Archive Page - 08/16/13 41 years, 2,173 covers and 55,054 stories from PEOPLE magazine's history for you to enjoy
- Super Bowl: Who You Need to Know
- The Style Top 5: Sarah Jessica Parker Brings Her Shoe Line to Zappos, Katy Perry Preps for the Super Bowl and More
- All About That Pac-Man Super Bowl Commercial
- Which Iconic Musician Would Alanis Morissette 'Follow into a Towering Inferno?'
- Amy Poehler Receives Hasty Pudding Award from Harvard
On Newsstands Now
- Matthew McConaughey: In His Own Words
- Jessa Duggar's Wedding Album
- Brittany Maynard's Final Days
Pick up your copy on newsstands
Click here for instant access to the Digital Magazine
People Top 5
LAST UPDATE: Saturday January 31, 2015 11:10AM EST
PEOPLE Top 5 are the most-viewed stories on the site over the past three days, updated every 60 minutes
- September 19, 1977
- Vol. 8
- No. 12
Picks and Pans Main: Song
The First Lady of country-rock has delivered a sweet and simple work—her finest, most focused to date. Ronstadt's voice is a consistent and precisely tuned instrument of vast range and feeling. Less reliable over the years has been her selection of material (she does almost no writing), but here she wisely sidesteps her weakness for bland pop commercialism. She does a Buddy Holly classic, It's So Easy, Warren Zevon's sardonically lachrymose ballad Carmelita and addictive Poor, Poor Pitiful Me and the Stones' Tumbling Dice. Ronstadt is strongest in the company of acoustic and pedal steel guitars, C&W harmonies with Dolly Parton and simple rhythmic arrangements. It's all here.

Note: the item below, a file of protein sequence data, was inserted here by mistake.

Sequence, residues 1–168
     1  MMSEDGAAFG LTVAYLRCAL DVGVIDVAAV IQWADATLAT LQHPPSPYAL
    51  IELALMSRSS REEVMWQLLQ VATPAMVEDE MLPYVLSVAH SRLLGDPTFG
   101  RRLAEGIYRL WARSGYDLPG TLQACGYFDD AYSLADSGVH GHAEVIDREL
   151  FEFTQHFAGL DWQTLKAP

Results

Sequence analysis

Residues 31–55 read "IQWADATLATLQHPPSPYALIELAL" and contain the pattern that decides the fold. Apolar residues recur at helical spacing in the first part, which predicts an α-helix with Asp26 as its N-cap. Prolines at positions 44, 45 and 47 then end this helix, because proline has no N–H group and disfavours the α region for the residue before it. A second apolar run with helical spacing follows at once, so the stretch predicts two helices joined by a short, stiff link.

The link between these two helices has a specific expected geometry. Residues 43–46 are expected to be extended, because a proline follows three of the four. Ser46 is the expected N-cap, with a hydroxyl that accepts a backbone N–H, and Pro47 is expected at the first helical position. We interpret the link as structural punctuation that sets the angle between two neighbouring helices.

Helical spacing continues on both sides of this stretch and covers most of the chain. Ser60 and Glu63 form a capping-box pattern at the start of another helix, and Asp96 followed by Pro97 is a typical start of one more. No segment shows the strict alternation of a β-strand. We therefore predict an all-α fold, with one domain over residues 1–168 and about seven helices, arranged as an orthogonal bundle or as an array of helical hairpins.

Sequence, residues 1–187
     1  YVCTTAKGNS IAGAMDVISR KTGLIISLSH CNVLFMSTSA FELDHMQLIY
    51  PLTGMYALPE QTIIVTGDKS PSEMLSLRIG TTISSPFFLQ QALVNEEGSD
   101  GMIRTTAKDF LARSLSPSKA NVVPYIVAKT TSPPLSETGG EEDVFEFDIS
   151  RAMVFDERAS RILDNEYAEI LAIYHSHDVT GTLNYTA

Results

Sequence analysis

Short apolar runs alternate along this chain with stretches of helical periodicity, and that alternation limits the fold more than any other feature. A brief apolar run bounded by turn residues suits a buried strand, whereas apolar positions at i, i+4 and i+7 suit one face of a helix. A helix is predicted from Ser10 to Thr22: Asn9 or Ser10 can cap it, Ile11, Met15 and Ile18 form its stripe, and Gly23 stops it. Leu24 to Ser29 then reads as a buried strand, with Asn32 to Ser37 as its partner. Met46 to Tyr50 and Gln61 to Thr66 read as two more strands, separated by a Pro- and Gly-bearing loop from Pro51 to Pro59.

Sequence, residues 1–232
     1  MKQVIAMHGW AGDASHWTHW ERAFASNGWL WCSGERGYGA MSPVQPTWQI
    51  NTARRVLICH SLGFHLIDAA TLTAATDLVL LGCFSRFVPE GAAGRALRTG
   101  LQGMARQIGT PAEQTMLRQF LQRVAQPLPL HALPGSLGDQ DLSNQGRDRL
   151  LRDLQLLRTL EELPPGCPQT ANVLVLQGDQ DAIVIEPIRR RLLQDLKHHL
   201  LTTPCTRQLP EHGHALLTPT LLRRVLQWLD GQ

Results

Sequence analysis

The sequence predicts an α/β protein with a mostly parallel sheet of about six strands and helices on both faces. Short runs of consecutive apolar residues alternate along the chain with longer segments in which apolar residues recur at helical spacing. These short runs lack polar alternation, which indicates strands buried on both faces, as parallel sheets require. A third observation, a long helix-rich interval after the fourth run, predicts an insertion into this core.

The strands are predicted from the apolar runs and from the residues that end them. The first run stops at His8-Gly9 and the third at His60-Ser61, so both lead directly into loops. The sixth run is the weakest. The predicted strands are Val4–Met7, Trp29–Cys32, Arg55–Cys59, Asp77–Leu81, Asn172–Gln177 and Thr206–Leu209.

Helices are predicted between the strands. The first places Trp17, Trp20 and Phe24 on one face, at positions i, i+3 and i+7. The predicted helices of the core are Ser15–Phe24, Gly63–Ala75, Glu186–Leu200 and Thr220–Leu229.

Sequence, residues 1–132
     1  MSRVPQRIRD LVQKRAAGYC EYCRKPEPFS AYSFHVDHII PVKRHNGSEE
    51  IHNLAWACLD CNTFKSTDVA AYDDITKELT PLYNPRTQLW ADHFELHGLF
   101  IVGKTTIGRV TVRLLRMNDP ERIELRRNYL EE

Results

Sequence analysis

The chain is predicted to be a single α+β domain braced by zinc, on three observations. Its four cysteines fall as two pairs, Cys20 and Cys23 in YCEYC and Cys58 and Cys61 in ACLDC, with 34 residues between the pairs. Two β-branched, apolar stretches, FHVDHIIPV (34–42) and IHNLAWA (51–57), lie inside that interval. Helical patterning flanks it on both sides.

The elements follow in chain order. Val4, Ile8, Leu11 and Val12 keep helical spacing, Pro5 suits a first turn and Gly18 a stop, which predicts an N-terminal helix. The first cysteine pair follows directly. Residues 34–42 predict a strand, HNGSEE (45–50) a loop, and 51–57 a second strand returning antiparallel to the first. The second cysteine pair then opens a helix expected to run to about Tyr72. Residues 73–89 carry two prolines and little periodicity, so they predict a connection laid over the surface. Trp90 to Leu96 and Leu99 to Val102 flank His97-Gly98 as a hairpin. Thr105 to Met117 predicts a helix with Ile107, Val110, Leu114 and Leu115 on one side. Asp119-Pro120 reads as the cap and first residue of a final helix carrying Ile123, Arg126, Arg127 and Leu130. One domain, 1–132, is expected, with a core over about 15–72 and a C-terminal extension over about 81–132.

The most introspective of pianists, Evans has mostly recorded solo or in tandem with bassist Eddie Gomez. Here he finds himself in the larger (and very good) company of guitarist Kenny Burrell, tenor saxman Harold Land, drummer Philly Joe Jones and that richly melodic bassist, Ray Brown. They turn Thad Jones's A Child Is Born into a quiet celebration, and Burrell's Bass Face into a bluesy ramble. The Second Time Around is five hearts in three-quarter time. It's not the new thing, but it's the real thing. Where's the melody in modern jazz? Find it in this essential Evans album.
Cher Bono Allman
Cher's collection of lyrical vignettes is redundant, with most of the songs lamenting love-stricken Indians, ne'er-do-wells and lay-around ladies. But this is Cher's style and her husky voice and trademark phrasing make them fly. Like her now defunct TV show, there's a lot of glitter—but unfortunately very little flash.
January 31, 2015
Treat Yourself! 4 Preview Issues
The most buzzed about stars this minute!